Location: Marmoset HQ -- 2105 SE 7th Avenue, Portland, OR 97214

Date: Thursday, April 13th

Time: 6:30 – 9:00 PM

Due to the size of our space, a limited number of seats are available for this event. If you’d like to join us, please be sure to RSVP.  We hope to see you there!

Posted on March 22, 2017 .

13 Marmoset Artists Take the Stage at Treefort Festival

Marmoset artist, East Forest, will be weaving ethereal soundscapes at Treefort Festival.

Marmoset artist, East Forest, will be weaving ethereal soundscapes at Treefort Festival.

Starting this Wednesday, March 22, thousands of music lovers will flock to Boise, Idaho for Treefort Music Festival, a five-day exhibition of emerging and established indie artists from across the globe. Considering our community is built on the guitar strums, home studios and overcrowded tour vans of independent musicians, quite a few of our artists will be taking the stage at Treefort.  

From STRFKR’s new-wave electronic rock to Y La Bamba’s bilingual folk-fusion, Marmoset’s representation at Treefort covers nearly every genre you can imagine. If you’re lucky enough to attend this magic musical experience, be sure to check out our artists in action and come drink for free with us and Eleven PDX on Friday and Saturday (full list of artists and event times below). If not, you can close your eyes, listen to this mixtape and imagine yourself swaying to the music in the City of Trees.

Dirty Revival

Friday: 9:30PM - 10:30PM @ Hannah’s

Sunday: 12:15AM - 1:35AM @ Tom Grainey’s


Sunday: 11:15PM - 12:45AM @ El Kora Shrine

East Forest

Friday: 4:00PM - 4:40PM @ Linen Building

Magic Sword

Wednesday: 10:00PM - 10:45PM @ El Korah Shrine

Friday: 9:00PM - 10:00pm @ Magic Sword + Boise

Hustle and Drone

Friday: 12:15AM - 1:15AM @ The Shredder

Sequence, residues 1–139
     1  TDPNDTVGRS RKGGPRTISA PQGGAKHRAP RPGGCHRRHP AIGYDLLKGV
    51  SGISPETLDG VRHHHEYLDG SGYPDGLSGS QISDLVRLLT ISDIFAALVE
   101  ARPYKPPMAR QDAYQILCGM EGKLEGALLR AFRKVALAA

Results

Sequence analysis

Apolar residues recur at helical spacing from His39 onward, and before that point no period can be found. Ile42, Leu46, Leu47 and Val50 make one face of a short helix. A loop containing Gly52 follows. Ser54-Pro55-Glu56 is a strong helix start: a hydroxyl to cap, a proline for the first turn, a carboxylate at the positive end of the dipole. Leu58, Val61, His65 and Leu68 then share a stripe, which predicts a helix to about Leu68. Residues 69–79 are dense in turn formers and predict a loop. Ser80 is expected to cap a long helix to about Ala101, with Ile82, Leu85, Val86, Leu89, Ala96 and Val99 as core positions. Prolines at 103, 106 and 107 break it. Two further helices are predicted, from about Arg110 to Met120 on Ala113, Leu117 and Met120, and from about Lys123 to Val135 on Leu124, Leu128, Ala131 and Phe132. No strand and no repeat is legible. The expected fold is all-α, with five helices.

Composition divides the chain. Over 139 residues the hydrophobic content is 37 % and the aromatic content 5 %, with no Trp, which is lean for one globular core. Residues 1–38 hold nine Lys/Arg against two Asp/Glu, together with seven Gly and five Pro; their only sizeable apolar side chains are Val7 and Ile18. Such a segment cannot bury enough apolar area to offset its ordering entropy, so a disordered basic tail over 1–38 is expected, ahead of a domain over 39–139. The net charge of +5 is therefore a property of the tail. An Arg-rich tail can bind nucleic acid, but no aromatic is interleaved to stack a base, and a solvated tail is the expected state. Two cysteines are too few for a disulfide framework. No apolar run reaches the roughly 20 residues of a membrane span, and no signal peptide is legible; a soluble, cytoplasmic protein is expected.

Thursday: 11:30PM - 1:00AM @ Hannah’s

And And And

Thursday: 9:00PM - 9:40PM @ Linen Building


Thursday: 11:45PM - 1:15AM @ The Reef

Y La Bamba

Sunday: 12:00AM - 12:40AM @ Nuerolux

Jared Mees

Saturday: 11:00PM - 11:40PM @ Nuerolux


Friday: 10:10PM - 11:00PM @ El Korah Shrine

There Is No Mountain

Saturday: 9:00PM - 9:40PM @ The District Saturday

The Lower 48

Saturday: 7:00PM - 7:40PM @ El Korah Shrine


Friday: 10:15PM - 10:50PM @ The Reef

Music Industry Meetup Hosted by Marmoset and Eleven PDX

Fri: 12:00 PM – 1:00 PM @ Nuerolux

Saturday: 1:00 PM – 2:00 PM @ The Owyhee

Posted on March 20, 2017 .

Support Education + Community with Ural Thomas and The Pain

On Saturday, April 8th, Portland’s “Pillar of Soul,” Ural Thomas and his nine-piece band, The Pain, will bring their soulful blues to Marmoset in support of education, community and equality for the St. Andrews Nativity School.

Serving our community is the bottom line for us at Marmoset. Not only do we strive to take care of our family of artists and musicians, but we hope to foster growth and support in our broader community -- the families we see at the park, the strangers who smile at us on the bus, the friendly faces from the grocery store. We’re honored to host this benefit show for St. Andrew’s Nativity School, Portland’s tuition-free middle school for children who live at or below the poverty line.

St. Andrew’s serves 86 students from the Portland area, offering them a 100 percent scholarship-based program, covering educational needs and beyond. Because of the individual attention that comes from small class sizes, many of the Nativity School’s students are able to advance five grade levels in just three years -- setting them not only equal to their peers, but ahead of the curve.  

After attending St. Andrews, 92 percent of students go on to graduate high school and 80 percent finish college, allowing for a future that these students may never have imagined.

This year, Portland fixture and soul-legend, Ural Thomas, will be headlining the event. Thomas’s lengthy career includes a breadth of classic soul tunes and performances alongside James Brown, Otis Redding and Stevie Wonder.